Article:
Saturday, March 12, 2016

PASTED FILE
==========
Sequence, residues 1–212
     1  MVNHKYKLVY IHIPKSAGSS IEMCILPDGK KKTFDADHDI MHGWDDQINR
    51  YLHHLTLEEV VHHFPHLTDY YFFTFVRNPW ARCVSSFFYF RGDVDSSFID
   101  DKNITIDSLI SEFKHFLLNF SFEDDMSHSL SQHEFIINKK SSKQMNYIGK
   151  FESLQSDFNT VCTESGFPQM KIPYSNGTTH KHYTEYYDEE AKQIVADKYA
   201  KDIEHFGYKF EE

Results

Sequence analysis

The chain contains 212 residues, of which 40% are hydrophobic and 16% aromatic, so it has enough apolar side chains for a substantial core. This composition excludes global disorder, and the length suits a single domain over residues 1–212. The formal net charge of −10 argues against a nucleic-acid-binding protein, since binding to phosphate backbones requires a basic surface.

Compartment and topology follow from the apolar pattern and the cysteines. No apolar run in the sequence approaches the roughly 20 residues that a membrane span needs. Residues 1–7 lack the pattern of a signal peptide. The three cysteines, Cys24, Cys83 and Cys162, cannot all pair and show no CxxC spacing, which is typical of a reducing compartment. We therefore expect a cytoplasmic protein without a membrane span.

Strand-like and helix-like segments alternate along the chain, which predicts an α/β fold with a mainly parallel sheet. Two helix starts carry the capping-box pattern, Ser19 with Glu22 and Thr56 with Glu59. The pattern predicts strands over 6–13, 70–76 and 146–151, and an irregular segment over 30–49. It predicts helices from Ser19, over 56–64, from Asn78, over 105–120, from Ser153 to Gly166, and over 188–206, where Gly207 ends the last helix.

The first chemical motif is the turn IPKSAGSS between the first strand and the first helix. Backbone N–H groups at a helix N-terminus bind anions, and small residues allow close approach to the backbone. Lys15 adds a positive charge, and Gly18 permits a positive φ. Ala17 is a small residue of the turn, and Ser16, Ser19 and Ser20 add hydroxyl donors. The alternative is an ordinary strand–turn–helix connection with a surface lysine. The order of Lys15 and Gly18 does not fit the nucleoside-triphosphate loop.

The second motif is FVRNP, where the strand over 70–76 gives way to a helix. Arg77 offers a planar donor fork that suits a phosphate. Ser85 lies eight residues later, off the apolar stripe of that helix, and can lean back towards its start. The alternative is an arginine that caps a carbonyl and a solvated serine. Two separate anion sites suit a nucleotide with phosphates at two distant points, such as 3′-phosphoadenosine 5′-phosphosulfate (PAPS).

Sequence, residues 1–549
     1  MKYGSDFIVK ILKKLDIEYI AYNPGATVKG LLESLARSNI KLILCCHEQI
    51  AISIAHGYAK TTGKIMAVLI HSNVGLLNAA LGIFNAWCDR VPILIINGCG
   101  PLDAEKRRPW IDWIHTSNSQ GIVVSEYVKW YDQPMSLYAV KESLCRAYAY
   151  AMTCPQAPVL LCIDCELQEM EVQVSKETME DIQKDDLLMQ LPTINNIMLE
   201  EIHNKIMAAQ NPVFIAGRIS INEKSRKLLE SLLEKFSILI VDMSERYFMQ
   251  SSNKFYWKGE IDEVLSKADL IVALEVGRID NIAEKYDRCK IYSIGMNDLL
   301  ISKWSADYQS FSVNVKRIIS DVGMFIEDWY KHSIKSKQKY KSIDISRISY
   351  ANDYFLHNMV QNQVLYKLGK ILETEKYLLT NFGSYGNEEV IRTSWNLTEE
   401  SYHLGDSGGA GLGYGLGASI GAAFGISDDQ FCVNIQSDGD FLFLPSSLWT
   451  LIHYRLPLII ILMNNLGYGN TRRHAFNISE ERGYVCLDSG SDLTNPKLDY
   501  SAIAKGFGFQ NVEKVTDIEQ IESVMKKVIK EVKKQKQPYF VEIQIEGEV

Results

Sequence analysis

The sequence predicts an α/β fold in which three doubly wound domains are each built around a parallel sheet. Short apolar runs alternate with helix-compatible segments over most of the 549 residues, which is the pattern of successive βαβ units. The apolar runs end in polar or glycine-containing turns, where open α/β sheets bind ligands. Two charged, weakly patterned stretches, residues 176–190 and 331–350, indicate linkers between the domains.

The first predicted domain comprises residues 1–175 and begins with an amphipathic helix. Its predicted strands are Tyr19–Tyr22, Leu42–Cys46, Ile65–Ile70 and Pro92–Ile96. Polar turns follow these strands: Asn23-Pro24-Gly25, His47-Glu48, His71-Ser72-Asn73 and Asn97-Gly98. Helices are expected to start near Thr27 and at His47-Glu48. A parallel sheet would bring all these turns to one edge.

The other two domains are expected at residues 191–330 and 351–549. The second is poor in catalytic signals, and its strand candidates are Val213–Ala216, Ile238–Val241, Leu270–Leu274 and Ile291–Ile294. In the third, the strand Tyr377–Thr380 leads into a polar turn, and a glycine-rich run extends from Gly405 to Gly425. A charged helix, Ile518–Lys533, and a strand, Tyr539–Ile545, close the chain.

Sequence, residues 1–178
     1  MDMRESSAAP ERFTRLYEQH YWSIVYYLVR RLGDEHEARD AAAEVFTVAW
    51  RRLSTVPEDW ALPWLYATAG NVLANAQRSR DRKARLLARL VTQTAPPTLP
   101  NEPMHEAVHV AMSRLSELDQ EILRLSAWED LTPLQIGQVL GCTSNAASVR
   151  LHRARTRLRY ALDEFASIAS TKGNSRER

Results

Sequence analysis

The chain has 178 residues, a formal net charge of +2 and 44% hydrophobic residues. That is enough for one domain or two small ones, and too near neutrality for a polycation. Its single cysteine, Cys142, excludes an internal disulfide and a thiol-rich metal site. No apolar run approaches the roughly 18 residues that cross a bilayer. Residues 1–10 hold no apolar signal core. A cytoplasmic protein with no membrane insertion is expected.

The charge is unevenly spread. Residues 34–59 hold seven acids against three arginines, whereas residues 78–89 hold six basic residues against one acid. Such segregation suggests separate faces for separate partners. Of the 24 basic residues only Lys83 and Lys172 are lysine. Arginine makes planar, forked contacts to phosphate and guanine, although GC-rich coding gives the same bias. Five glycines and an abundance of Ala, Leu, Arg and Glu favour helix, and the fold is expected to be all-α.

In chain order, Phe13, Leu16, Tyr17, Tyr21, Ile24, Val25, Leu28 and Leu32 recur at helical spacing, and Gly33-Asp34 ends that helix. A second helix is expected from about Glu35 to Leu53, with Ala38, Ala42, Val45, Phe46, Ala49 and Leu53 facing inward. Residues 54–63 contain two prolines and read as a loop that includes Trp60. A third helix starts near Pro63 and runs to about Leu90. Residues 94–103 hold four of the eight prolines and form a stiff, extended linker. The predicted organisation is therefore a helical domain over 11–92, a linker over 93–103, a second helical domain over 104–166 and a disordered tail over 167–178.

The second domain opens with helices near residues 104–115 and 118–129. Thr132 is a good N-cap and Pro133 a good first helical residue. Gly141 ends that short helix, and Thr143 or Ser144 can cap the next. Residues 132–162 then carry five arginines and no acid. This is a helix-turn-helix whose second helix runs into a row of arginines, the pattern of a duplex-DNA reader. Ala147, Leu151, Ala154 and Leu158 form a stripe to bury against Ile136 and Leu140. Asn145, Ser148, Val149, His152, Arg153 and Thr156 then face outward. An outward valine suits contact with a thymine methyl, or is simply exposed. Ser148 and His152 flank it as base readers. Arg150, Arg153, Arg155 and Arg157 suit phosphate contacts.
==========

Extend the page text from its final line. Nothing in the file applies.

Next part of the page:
Full disclosure, I have been as deathly ill this past week as I have not been since I had the flu in middle school, and reading something as dense and uninteresting as Leonardo Padura’s The Man Who Loved Dogs was not what the doctor ordered. To be as fair as possible, I don’t think I would have liked this book much anyway if I was completely healthy while reading it. It doesn’t handle its historical points very well and its core fictional story is woefully unfocused and something I have seen countless times before. Being sick made a lot of these bad qualities more apparent, and I struggled through all 572 pages of it with little enthusiasm, hoping whatever I was to read next was better than what I was reading now. That isn’t a very big hill to climb. The three stories that make up this overstuffed novel have to do with a fictional writer, toiling away at a crappy job after a dissenting story cost him his reputation, the life of Leon Trotsky in exile and the journey of Ramon Mercader, his eventual killer, from solider to ideological tool. The writer eventually befriends a man who turns out to be the assassin and the eponymous man who loved dogs, which ties all the stories together in a very uninviting way. If I can say one thing positive about this book, it is that it does succeed at trying to present the idea of how dictatorships take away people’s sense of free will, as evidenced by the powerlessness of the three central characters in deciding their fates. But I have seen that done before so many times, and much better, that I was left with, by the end, a dry, thick history lesson with very little narrative drive. Maybe the illness got to me more than I thought, but I this was not the most pleasant reading experience.